The National Assembly has stated that the Nigerian Police Force (NPF) is over stressed in all ramification as it has 300,000 officers and men manning 180 million people.
This Ratio, the Speaker House of Representatives Yakubu Dogara says is below the United Nations recommendation of 1 to 400 people population Ratio.
This was at a one day public hearing on a bill for an act to establish the Nigerian Police Reform Trust Fund and a bill for an act to amend the explosive act of 1964.
The Police Force is the principal law enforcement agency in Nigeria with a staff strength of about 371,800.
The NPF is a very large organization consisting of 36 State commands grouped into 12 zones and 7 administrative organs. The agency is currently headed by IGP Ibrahim Kpotun Idris.
History of the Nigerian Police Force
Nigeria’s police was first established in 1820. The first person to have the highest rank in all the police is commissioner general colonel KK.
In 1879 a 1,200-member armed paramilitary Hausa Constabulary was formed. In 1896 the Lagos Police was established. A similar force, the Niger Coast Constabulary, was formed in Calabar in 1894 under the newly proclaimed Niger Coast Protectorate.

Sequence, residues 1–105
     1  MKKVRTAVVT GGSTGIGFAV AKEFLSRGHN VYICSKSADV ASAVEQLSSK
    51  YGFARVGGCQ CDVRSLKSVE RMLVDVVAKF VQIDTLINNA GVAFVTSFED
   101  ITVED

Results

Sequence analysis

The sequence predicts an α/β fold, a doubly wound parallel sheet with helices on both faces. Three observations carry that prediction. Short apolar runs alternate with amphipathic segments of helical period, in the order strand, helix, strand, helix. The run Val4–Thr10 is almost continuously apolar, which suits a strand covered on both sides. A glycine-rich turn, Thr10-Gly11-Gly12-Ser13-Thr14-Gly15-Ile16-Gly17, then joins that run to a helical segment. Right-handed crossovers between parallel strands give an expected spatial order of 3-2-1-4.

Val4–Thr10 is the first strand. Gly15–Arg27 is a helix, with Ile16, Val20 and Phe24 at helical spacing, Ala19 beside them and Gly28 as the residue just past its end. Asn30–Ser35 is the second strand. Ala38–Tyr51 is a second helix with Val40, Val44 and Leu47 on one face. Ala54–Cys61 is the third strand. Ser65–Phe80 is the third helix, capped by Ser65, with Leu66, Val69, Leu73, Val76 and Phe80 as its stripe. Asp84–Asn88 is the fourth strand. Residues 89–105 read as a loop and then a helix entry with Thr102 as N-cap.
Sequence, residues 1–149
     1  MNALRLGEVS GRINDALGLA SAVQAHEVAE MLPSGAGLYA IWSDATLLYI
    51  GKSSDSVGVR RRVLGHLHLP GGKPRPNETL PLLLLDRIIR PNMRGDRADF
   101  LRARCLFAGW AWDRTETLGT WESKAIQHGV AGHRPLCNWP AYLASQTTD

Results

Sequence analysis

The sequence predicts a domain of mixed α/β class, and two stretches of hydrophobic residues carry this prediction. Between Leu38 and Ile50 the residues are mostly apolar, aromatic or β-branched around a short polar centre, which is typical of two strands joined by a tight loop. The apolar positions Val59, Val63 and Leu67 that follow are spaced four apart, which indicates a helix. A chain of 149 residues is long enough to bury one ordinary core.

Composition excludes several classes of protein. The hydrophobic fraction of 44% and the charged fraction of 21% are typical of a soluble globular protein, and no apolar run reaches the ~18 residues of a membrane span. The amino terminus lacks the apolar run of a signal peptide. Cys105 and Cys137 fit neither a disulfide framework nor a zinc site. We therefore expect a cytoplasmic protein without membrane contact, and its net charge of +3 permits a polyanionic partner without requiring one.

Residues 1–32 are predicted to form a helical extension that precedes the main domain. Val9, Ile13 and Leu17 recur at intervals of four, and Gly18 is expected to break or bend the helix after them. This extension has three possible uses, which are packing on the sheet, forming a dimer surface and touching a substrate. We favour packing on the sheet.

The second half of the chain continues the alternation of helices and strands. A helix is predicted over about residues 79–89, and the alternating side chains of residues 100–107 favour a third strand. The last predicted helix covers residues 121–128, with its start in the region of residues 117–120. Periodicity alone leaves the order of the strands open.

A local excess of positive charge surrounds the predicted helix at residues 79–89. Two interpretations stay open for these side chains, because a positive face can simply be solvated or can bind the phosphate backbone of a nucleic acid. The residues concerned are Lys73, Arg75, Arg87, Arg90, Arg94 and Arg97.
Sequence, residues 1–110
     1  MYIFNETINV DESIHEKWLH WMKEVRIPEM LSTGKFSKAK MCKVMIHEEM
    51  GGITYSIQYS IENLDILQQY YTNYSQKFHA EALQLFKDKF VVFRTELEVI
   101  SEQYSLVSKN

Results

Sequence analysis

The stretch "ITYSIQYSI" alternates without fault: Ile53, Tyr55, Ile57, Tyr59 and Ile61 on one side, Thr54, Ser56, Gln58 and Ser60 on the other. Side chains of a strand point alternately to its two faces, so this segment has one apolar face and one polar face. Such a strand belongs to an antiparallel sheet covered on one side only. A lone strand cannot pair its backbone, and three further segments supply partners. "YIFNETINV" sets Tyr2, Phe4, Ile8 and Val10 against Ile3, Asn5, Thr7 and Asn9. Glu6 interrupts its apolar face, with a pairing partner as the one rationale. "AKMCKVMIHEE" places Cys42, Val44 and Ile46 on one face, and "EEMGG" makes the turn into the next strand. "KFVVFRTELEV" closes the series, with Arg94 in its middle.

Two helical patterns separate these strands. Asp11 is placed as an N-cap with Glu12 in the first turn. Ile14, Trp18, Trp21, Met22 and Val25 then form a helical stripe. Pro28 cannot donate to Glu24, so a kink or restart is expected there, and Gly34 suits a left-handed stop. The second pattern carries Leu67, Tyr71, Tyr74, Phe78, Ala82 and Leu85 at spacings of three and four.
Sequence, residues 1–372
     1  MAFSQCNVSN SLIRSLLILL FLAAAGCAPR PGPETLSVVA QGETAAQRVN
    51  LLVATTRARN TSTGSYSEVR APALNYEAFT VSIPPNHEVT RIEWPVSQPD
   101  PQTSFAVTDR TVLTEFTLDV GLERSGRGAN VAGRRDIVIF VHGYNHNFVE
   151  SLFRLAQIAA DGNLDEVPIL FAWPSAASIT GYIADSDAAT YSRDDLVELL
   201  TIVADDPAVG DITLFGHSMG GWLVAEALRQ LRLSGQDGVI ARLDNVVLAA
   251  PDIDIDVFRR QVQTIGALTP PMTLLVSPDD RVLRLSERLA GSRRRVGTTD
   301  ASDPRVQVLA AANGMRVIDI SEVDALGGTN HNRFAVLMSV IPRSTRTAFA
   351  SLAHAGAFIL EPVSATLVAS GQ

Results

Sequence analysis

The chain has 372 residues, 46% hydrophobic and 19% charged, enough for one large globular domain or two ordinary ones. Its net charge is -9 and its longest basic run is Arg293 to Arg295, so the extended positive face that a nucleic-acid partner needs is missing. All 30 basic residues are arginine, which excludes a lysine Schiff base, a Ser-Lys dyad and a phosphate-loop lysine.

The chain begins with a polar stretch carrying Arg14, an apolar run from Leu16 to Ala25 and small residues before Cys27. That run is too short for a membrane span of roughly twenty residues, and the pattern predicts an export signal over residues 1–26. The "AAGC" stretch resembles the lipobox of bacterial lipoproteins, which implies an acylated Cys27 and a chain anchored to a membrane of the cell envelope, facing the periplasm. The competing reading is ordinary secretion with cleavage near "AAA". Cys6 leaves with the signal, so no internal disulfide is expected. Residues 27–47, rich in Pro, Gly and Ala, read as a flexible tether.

In the north, the Royal Niger Company set up the Royal Niger Company Constabulary in 1888 with headquarters. When the protectorates of Northern and Southern Nigeria were proclaimed in the early 1900s, part of the Royal Niger Company Constabulary became the Northern Nigeria Police, and part of the Niger Coast Constabulary became the Southern Nigeria Police. During the colonial period, most police were associated with local governments (native authorities).
In the 1960s, under the First Republic, these forces were first regionalised and then nationalised.
The NPF performed conventional police functions and was responsible for internal security generally; for supporting the prison, immigration, and customs services; and for performing military duties within or outside Nigeria as directed.
Plans were announced in mid-1980 to expand the force to 200,000. By 1983, according to the federal budget, the strength of the NPF was almost 152,000, but other sources estimated it to be between 20,000 and 80,000. Reportedly, there were more than 1,300 police stations nationwide.
Police officers were not usually armed but were issued weapons when required for specific missions or circumstances. They were often deployed throughout the country, but in 1989 Babangida announced that a larger number of officers would be posted to their native areas to facilitate police- community relations.